Many beginning writers—especially boys with ADD or ADHD—can find writing a chore. MENC member Glenda Cosenza has found a process that improves focus and persistence for and increases students’ enjoyment of writing.
Cosenza uses music, creative movement, and drawing to inspire writing in kindergarten through second-grade students. Read how in her lesson plan. In surveys, students’ preference for writing (as compared to reading or being read to) increased significantly as a result of this process, especially among boys with ADD or ADHD. “Writing requires extraordinary amounts of focus and persistence,” Cosenza says. “The movement and music seem to help them with the increased neurological demands of writing.”
After doing this activity, students began requesting music pieces. Some favorites were J. S. Bach’s Brandenburg Concerto no. 3, Paganini’s “Perpetuo Moto,” and Saint-Saens’s “The Swan,” “Aquarium,” and “Character with Long Ears.”
When Cosenza plays Rimsky-Korsakov’s “Flight of the Bumblebee,” students make tiny, erratic, close-together, fine-motor movements. When she plays Bach’s Brandenburg Concerto No. 3, they make sweeping, arching, leaping movements with their whole bodies. “Happens every time!” Cosenza says. “Even though young children cannot articulate the differences between these two pieces verbally, they can show them kinesthetically, and the teacher has no doubt that they are listening acutely and perceiving the musical structures.”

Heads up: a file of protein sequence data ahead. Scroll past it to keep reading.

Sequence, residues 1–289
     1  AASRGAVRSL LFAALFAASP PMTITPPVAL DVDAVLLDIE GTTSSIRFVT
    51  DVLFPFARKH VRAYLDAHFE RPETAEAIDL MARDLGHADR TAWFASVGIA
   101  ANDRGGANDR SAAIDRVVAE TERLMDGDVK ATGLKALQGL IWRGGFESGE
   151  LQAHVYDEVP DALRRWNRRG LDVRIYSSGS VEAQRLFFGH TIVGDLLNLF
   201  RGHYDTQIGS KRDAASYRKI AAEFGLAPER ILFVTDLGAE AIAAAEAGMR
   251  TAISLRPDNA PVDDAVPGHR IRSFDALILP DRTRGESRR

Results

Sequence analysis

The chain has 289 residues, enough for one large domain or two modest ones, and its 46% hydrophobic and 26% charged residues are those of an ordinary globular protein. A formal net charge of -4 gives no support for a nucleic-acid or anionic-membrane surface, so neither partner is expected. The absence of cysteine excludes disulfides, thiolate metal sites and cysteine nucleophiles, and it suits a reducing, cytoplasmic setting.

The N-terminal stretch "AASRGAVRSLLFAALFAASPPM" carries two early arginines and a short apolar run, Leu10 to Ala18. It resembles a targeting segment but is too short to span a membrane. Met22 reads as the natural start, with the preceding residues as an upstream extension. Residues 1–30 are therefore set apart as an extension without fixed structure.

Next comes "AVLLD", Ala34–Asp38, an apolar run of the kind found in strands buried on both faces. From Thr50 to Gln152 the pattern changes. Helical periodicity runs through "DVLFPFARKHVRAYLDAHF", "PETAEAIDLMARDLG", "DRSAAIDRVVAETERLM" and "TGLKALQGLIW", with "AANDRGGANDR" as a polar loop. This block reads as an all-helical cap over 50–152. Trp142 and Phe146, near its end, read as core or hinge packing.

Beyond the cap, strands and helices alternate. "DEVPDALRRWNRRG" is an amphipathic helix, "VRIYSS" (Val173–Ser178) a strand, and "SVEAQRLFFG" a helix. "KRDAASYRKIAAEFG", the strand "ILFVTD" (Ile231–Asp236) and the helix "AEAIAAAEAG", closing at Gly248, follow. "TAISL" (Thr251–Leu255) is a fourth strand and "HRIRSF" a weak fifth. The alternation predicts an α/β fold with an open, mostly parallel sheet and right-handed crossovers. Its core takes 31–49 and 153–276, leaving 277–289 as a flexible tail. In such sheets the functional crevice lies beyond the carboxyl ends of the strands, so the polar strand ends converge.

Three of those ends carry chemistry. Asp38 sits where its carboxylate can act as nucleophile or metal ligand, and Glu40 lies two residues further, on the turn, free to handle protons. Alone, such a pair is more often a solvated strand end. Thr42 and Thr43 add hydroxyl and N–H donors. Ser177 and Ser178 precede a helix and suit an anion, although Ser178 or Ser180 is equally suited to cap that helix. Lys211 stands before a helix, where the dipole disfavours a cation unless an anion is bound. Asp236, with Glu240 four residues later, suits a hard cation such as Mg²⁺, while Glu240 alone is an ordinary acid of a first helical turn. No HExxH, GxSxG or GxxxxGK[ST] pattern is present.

When writing, children can use “invented” or “pretend” writing rather than struggling with spelling and writing mechanics. For nonnative English speakers, “this meant freedom and a true chance to express their thoughts in written form in a way that they felt successful and their ideas valued, even cherished,” says Cosenza. She warns, “Be prepared for some resistance to the pretend/invented writing. Pressures of NCLB have meant that the learning processes are getting shortchanged in the frantic rush to improve test scores.” However, she’s found that generally classroom teachers support this process.
Glenda Cosenza is an associate professor of music education at Northern Illinois University in DeKalb.
Linda Brown, May 28, 2008 © MENC: The National Association for Music Education
This ends the series on National Standards 8 and 9.